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Thread: How do you guys clean your optics?

  1. #1
    Join Date
    May 2007
    Milwaukee WI

    Default How do you guys clean your optics?

    Hi everyone,

    I think this is a fairly personal issue -cleaning optics- and I am sure we will have different opinions on how one should go about cleaning them.

    Please share your preferred method.

    Of course it would depend on the situation, of course we would all like an isolated optics chamber so cleaning isn't needed except for maybe the output window.

    But here are two different situations that would be most relevant to us...
    1) Smoke and accumulated dust
    2) Mineral Oil based Haze

    Let me start out by stating what I have seen works best for the second case while working in the Lighting Industry. We use vinegar diluted with distilled water. While taking a lighting training course (omitting the manufacturer's name) they said that is the best way to battle the Mineral Oil based haze, and I have seen it work wonders. Also many of the optics (including dichroics, reflector and lithos) have special coatings on it that more abrasive chemicals can easily damage.

    So its your turn... what do you use? what chemicals? what material (q-tips, lint free cloth, paper towel, .... toilet paper?!)?

    I am interested to see your responses!

  2. #2
    Join Date
    Apr 2007
    Toronto Canada


    Alcohol and microfiber cloth.
    I hired an Italian guy to do my wires. Now they look like spaghetti!

  3. #3
    Join Date
    Nov 2007
    Coming to a theatre near you!


    well, I'm not sure about the solution, but I would go with some sort of disposable microfiber cloths to clean. something you could use once, which would be guaranteed not to scratch your optics, that you could dispose of afterwards, so that the next one wouldn't ruin your optics either.

    Of course, sealing your optics would help with this, but I think a Scratch-free solution is what we all want.

    P.S: I am a newbie, and not sober (read: inebriated) at the time of posting, so many observations and thoughts are clearly overlooked. feel free to correct/ratify/smack me down at will.
    "TO DO IS TO BE" - Nietzsche
    "TO BE IS TO DO" - Kant
    "DO BE DO BE DO" - Sinatra

  4. #4
    Join Date
    Apr 2006
    Wirral, UK


    For light dust contamination I use the drop and drag method.
    A small drop of IPA and a drag across the surface with a lint free cloth.
    For heavy contamination including abrasive particles on the surface the drop and drag method can scratch the optics. In this case Collodian USP or "blue spray" comes into its own.
    You just drop or spray on, allow to dry and then peel off. The contaminants come off stuck in the cured film. Got this link from a friend who is into big telescopes

    Lasers and beer don't mix. After 2 beers I lose coherence.

  5. #5
    mixedgas's Avatar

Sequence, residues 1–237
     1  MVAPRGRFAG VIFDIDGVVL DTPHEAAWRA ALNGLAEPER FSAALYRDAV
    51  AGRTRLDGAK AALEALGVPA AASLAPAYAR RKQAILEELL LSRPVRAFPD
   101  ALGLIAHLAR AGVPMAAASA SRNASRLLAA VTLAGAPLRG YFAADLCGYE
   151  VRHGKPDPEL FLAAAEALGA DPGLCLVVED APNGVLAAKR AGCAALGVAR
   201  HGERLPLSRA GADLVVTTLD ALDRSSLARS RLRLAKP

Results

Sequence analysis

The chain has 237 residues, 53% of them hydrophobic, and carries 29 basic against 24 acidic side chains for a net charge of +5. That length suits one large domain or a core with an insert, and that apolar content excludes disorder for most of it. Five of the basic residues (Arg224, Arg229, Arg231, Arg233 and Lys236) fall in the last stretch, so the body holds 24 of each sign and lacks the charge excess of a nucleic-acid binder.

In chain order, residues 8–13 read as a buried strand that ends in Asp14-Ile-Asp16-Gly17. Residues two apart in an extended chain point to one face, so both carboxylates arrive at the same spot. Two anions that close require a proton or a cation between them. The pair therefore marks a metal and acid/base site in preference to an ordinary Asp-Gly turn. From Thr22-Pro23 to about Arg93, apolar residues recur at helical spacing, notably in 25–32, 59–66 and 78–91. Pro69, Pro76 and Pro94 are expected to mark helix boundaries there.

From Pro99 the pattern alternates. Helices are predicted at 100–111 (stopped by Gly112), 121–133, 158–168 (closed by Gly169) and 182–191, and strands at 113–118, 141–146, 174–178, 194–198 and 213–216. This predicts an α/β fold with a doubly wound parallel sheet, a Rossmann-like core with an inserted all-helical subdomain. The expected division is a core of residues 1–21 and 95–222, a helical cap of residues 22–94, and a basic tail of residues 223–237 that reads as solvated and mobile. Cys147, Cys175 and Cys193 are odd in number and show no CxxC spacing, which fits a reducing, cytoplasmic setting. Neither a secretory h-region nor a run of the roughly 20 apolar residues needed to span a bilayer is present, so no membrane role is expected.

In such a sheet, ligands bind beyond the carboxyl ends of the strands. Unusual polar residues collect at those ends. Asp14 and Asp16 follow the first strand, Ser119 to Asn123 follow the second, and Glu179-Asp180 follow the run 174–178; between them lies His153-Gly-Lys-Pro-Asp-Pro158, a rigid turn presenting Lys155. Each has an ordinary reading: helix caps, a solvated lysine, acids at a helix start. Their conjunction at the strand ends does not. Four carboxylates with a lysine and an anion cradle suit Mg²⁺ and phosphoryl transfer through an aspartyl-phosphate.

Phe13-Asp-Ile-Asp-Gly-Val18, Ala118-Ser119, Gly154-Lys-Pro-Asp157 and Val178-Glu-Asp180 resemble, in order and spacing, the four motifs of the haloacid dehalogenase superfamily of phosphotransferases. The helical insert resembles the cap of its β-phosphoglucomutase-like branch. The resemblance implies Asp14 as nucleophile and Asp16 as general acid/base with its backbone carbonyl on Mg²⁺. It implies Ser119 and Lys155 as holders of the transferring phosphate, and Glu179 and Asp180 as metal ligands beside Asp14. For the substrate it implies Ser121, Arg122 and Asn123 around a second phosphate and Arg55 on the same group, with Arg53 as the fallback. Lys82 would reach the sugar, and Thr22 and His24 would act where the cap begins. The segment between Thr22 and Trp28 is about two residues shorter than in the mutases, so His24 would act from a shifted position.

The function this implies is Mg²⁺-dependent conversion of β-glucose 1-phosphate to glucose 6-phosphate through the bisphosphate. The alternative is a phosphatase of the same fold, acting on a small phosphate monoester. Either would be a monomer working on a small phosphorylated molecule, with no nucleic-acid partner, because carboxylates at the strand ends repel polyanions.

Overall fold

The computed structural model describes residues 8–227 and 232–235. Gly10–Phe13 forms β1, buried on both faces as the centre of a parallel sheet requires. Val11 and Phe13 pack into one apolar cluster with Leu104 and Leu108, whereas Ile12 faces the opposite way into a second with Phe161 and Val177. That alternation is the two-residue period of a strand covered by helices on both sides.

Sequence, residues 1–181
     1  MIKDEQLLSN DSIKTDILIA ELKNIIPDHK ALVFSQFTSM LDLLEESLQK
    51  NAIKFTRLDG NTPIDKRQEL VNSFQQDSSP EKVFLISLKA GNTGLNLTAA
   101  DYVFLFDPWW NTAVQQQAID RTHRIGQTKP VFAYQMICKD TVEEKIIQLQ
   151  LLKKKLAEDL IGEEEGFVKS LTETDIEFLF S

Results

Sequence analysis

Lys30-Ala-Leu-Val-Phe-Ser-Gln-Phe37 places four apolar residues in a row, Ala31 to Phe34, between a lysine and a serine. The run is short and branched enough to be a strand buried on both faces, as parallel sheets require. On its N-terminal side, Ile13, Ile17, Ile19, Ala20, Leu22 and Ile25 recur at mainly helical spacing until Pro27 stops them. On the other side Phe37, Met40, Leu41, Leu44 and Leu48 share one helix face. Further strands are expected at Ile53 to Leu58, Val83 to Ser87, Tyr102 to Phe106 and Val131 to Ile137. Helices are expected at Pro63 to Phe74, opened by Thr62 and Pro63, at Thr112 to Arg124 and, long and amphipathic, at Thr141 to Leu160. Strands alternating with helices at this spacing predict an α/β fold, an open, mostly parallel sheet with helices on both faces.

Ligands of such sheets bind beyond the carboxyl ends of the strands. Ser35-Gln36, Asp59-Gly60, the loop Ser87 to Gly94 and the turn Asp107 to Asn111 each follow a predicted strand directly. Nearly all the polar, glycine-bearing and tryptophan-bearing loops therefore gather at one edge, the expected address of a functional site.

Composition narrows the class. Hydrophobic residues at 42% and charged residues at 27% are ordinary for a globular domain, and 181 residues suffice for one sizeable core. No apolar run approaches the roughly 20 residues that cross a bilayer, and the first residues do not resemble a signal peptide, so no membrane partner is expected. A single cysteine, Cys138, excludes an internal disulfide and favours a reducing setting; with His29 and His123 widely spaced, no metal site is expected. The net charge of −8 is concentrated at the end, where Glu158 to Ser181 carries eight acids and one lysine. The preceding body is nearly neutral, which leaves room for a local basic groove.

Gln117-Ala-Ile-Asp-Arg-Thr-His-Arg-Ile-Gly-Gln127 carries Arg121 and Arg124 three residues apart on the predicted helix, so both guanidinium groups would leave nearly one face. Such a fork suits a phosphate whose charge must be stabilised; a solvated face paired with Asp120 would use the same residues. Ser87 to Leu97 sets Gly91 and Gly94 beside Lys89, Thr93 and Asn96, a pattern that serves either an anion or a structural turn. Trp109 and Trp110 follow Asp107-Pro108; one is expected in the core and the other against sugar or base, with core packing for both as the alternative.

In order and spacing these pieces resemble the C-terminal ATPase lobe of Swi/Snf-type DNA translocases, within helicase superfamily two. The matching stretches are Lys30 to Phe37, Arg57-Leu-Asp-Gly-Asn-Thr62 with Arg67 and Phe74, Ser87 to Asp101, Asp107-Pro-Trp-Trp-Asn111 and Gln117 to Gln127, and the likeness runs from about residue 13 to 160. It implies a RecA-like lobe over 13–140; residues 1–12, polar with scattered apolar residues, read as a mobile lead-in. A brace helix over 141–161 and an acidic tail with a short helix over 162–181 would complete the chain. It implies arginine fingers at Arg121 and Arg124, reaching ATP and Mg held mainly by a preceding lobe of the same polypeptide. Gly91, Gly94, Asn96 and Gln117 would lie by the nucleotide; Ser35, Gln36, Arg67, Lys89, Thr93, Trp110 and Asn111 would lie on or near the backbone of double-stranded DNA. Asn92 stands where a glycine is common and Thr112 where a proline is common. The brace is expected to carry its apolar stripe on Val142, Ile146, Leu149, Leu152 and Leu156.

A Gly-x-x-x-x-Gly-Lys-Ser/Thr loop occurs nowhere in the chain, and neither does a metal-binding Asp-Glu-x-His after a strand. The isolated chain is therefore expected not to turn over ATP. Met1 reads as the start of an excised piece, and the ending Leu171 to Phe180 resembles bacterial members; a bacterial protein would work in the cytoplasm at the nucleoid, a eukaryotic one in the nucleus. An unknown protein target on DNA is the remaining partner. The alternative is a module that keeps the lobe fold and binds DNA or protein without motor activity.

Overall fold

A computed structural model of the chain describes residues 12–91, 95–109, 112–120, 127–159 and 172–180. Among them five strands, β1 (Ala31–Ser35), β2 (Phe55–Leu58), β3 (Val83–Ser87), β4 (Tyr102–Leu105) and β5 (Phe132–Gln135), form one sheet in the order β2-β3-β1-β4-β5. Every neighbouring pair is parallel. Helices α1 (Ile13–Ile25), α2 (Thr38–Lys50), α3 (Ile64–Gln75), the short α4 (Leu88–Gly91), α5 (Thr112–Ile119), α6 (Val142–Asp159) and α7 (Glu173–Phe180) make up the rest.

mixedgas is offline Creaky Old Award Winning Bastard Technologist
    Infinitus Excellentia Ion Laser Dominatus
    Join Date
    May 2007
    A lab with some dripping water on the floor.


    For ion laser intracavity stuff

    KODAK (ONLY KODAK) Lens tissue in the sealed pack envelopes
    using drop and drag method with UHP grade or better acetone or methanol
    everything else on the market contains stones and other crud.

    for most work I use a medical grade wooden stick cotton swab with no glue. I rip them apart before buying to confirm no glue.

    I wet the swab once, shake it out, then quickly rewet and clean. I have a little z shaped scanning technique I use while rotating the swab about its axis to make sure picked up dirt is rotated away

    I never use eyedroppers or plastic bottles to hold my solvents.
    I'd rather spill solvent on the floor then dip the swab in the bottle.

    really big non critical optics get microfiber chemwipes if they are too big to drop and drag, things like club lights.

    When your servicing other peoples big plasma tubes, a little intracavity dirt can cost thousands of dollars in lost tube lifetimes, so I'm a nutcase perfectionist when doing this, my solvents come packed under argon.
    I test each batch of solvents for impurities and "tracers" when I receive them. Various tracers used by anti-drug agencies and water cause white films on the optics.

    If I'm in a lab with a plasma cleaner, I'll use that.

    I want to try the polymer films, I just havent bought any yet.

    Steve Roberts

  6. #6
    Join Date
    Jan 2007
    Sheepsville, Wales, UK


    What Robin has suggested sounds very similar to what I use which is opticlean. This comes is a small glass bottle with brush in the cap - not unlike nail varnish. You paint it on let it dry then stick one of the included labels on or use a small piece of sellotape (scotch tape for our american friends) and whip it off. It works brillantly and though its 15 quid for a small bottle it lasts ages.

    I buy mine here though maybe over ther you could get it from the likes of ritz camera.

    If you need to ask the question 'whats so good about a laser' - you won't understand the answer.
    Laserists do it by the nanometre.

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